The criteria “Relevance to Stakeholder Decision Making” has been dropped from determining materiality. Instead, the criteria “Impact on people and planet” are applicable. That means that those topics are material where the organisation has the greatest impact.

Apart from determining the materiality of a topic it is now required to report on what the impacts are and what actions are taken to address them.

Changes to human rights reporting


Significant update included the full integration of human rights reporting, rather than being an optional, stand-alone topic Standard (what was GRI 412).

This means that, for the first time, all organisations using the GRI Standards are expected to disclose on how they respect human rights (rather than as a separate topic standard that a company is only required to report on if it determines it to be material).

New Sector Standards to be expected


GRI plans to develop around 40 sector standards. When an applicable Sector Standard is available, an organisation reporting in accordance with the GRI Standards is required to use it.

Each Sector Standard will come with a description of the sector defined for the standard and a table that lists relevant industry groupings from a number of sector classification systems.

At present, the publication of the following sector standards has been completed: GRI 11 (Oil and Gas Sector 2021), GRI 12 (Coal Sector 2022) and GRI 13 (Agriculture, Aquaculture and Fishing sectors 2022).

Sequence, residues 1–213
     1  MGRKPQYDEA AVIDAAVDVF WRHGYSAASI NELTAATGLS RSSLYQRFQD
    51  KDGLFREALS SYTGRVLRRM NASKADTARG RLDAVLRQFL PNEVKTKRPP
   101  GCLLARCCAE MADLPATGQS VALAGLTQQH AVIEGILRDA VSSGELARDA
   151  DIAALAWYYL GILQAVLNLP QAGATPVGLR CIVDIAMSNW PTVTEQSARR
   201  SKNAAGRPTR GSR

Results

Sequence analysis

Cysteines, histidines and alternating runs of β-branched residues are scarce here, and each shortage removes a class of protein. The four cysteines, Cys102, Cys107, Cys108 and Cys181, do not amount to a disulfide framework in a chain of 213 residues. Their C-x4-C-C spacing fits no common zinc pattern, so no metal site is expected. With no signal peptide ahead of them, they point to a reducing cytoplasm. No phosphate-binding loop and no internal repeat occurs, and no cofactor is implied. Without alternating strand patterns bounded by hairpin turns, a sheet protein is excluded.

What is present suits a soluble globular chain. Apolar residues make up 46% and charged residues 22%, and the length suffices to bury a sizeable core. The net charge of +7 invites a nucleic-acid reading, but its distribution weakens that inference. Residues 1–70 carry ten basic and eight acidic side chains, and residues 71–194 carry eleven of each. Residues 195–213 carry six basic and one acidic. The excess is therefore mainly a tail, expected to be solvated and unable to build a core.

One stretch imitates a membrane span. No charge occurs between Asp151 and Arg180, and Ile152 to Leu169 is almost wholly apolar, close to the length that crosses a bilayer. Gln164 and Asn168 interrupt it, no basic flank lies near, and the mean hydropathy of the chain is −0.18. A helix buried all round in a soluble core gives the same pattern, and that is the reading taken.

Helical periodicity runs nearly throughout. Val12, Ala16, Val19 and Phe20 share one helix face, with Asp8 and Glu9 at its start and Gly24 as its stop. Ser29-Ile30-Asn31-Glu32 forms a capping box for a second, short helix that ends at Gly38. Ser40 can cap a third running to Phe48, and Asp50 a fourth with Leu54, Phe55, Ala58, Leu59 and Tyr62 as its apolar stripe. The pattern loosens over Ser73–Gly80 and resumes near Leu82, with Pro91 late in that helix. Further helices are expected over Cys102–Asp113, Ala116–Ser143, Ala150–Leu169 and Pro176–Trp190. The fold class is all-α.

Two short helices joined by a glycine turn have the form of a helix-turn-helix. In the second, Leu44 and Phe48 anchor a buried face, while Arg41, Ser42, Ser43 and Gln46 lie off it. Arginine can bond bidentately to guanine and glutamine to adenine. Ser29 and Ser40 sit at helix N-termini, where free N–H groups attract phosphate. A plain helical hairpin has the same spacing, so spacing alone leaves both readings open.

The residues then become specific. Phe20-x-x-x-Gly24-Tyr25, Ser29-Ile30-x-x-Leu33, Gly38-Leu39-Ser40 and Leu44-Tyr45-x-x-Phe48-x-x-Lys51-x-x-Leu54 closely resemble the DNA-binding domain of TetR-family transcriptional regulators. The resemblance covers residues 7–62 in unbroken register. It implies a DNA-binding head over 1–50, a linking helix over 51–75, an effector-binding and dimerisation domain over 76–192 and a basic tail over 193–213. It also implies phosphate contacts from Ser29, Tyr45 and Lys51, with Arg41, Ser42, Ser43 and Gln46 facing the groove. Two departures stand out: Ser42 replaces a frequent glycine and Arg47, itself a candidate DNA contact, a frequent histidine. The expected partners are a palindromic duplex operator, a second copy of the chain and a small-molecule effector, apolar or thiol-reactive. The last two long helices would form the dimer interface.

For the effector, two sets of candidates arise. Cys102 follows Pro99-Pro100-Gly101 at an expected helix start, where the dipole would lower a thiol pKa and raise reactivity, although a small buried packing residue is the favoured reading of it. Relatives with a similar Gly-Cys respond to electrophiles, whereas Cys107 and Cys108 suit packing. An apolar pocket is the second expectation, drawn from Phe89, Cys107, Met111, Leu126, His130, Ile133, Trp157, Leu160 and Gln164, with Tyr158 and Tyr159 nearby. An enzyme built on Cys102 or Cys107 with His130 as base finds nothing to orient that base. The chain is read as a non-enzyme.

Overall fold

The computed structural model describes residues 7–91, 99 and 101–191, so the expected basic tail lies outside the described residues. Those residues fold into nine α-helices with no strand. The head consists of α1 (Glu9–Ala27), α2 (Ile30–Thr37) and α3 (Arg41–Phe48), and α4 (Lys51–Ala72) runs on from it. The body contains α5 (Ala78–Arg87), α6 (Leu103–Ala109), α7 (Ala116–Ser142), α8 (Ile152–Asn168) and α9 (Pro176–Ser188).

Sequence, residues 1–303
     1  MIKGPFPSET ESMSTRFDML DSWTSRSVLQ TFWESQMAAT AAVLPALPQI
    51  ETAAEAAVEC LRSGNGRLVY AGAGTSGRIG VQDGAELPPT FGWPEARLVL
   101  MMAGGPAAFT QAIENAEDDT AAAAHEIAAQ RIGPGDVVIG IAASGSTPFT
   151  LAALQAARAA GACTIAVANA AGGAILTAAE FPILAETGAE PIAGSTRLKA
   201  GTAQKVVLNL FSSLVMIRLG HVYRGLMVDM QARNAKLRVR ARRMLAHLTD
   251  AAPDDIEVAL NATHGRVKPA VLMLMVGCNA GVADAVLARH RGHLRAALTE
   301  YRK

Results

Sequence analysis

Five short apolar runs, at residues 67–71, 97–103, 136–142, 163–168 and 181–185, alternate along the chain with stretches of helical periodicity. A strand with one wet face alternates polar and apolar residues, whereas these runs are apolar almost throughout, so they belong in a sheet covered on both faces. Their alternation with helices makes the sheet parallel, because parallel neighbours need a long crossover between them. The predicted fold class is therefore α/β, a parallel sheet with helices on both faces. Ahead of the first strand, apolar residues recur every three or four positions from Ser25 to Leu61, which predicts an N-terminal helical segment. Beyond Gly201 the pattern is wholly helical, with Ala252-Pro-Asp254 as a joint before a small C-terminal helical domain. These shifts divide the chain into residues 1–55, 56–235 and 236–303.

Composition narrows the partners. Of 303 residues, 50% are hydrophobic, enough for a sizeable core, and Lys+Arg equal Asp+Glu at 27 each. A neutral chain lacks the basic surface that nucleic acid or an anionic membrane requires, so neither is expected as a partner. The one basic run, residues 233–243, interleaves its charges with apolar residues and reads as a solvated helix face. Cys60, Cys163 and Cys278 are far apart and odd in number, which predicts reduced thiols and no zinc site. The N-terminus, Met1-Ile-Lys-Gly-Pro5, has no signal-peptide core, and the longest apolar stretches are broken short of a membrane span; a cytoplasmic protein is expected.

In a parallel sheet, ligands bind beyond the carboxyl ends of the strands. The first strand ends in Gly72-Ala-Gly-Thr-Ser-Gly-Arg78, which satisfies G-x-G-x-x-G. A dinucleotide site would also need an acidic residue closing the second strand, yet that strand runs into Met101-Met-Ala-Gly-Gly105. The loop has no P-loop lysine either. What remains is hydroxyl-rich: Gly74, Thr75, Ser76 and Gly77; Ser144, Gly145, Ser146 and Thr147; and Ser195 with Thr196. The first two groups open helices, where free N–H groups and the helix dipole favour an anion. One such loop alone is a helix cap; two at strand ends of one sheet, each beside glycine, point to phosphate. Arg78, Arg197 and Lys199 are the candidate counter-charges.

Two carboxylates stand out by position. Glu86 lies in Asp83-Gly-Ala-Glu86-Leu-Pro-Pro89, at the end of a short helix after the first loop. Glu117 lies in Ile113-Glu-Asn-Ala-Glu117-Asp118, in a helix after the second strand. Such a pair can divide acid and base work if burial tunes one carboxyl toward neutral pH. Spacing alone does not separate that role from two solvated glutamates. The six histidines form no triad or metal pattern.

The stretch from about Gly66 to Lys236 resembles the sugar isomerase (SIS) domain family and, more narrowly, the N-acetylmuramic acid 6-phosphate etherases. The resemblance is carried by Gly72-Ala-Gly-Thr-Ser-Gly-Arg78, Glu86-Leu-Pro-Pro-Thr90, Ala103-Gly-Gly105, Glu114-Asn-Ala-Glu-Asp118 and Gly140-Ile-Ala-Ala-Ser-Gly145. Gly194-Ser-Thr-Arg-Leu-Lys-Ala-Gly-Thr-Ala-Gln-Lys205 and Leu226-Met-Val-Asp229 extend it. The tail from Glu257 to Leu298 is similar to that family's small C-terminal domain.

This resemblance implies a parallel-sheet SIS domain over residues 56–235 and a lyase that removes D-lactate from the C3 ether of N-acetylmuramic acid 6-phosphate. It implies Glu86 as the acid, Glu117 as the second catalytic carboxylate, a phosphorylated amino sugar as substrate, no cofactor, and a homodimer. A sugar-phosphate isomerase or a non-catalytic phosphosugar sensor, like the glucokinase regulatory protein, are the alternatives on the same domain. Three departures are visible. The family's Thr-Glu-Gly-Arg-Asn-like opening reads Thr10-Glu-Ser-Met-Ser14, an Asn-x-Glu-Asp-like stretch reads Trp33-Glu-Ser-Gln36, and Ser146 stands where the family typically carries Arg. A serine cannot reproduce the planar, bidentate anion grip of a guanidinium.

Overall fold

GRI 11 (Oil and Gas Sector 2021) and GRI 12 (Coal Sector 2022) are mandatory per 1 January 2023. GRI 13 (Agriculture, Aquaculture and Fishing sectors 2022) is mandatory per January 1 2024.

The sectors to follow are mining, food, textiles and apparel, banking, insurance, asset management, utilities, renewable energy, forestry and metal processing.

Look at the date for the release of sector standard:

Revised structure of Topic Standards


The structure of Topic Standards have been updated and are now divided into a total of 31 standards instead of the 200 (Economic), 300 (Environmental) and 400 (Social) series.


Key implications

What does this mean for organisations who will report under the Universal Standards:

  • Take a strategic decision on how to report going forward under GRI. Consider the importance of reporting to external stakeholders while also considering the upcoming other standards. For example, if your company is in scope of CSRD, consider mapping of the GRI Standards and ESRS to meet expectations of all stakeholders (e.g. provided by GRI for the first draft EFRS).
  • Conduct a double materiality analysis. Although GRI focuses on the inside out (impact materiality), it emphasises the importance of the outside in (financial materiality), and their combination – double materiality. The material topics and impacts that have been determined through the materiality process inform financial and value creation reporting. They provide input for identifying financial risks and opportunities related to the organisation’s impacts, and for financial valuation. This is why we advise to also apply an outside in perspective as this is needed for the definition of sustainability risks and opportunities, value creation and CSRD readiness.
  • Review the Sector Standards and define the impact.
  • Focus on Human Rights and anticipate on what will be expected from GRI and other future requirements.

How Deloitte can support

Deloitte can help all the companies wanting to report based on GRI Universal Standards understand where they stand relative to the GRI requirements and how to improve the quality of their disclosures. Deloitte can support in conducting gap analysis of your report against the requirements of the GRI Universal Standards and consult in aligning the report with these requirements.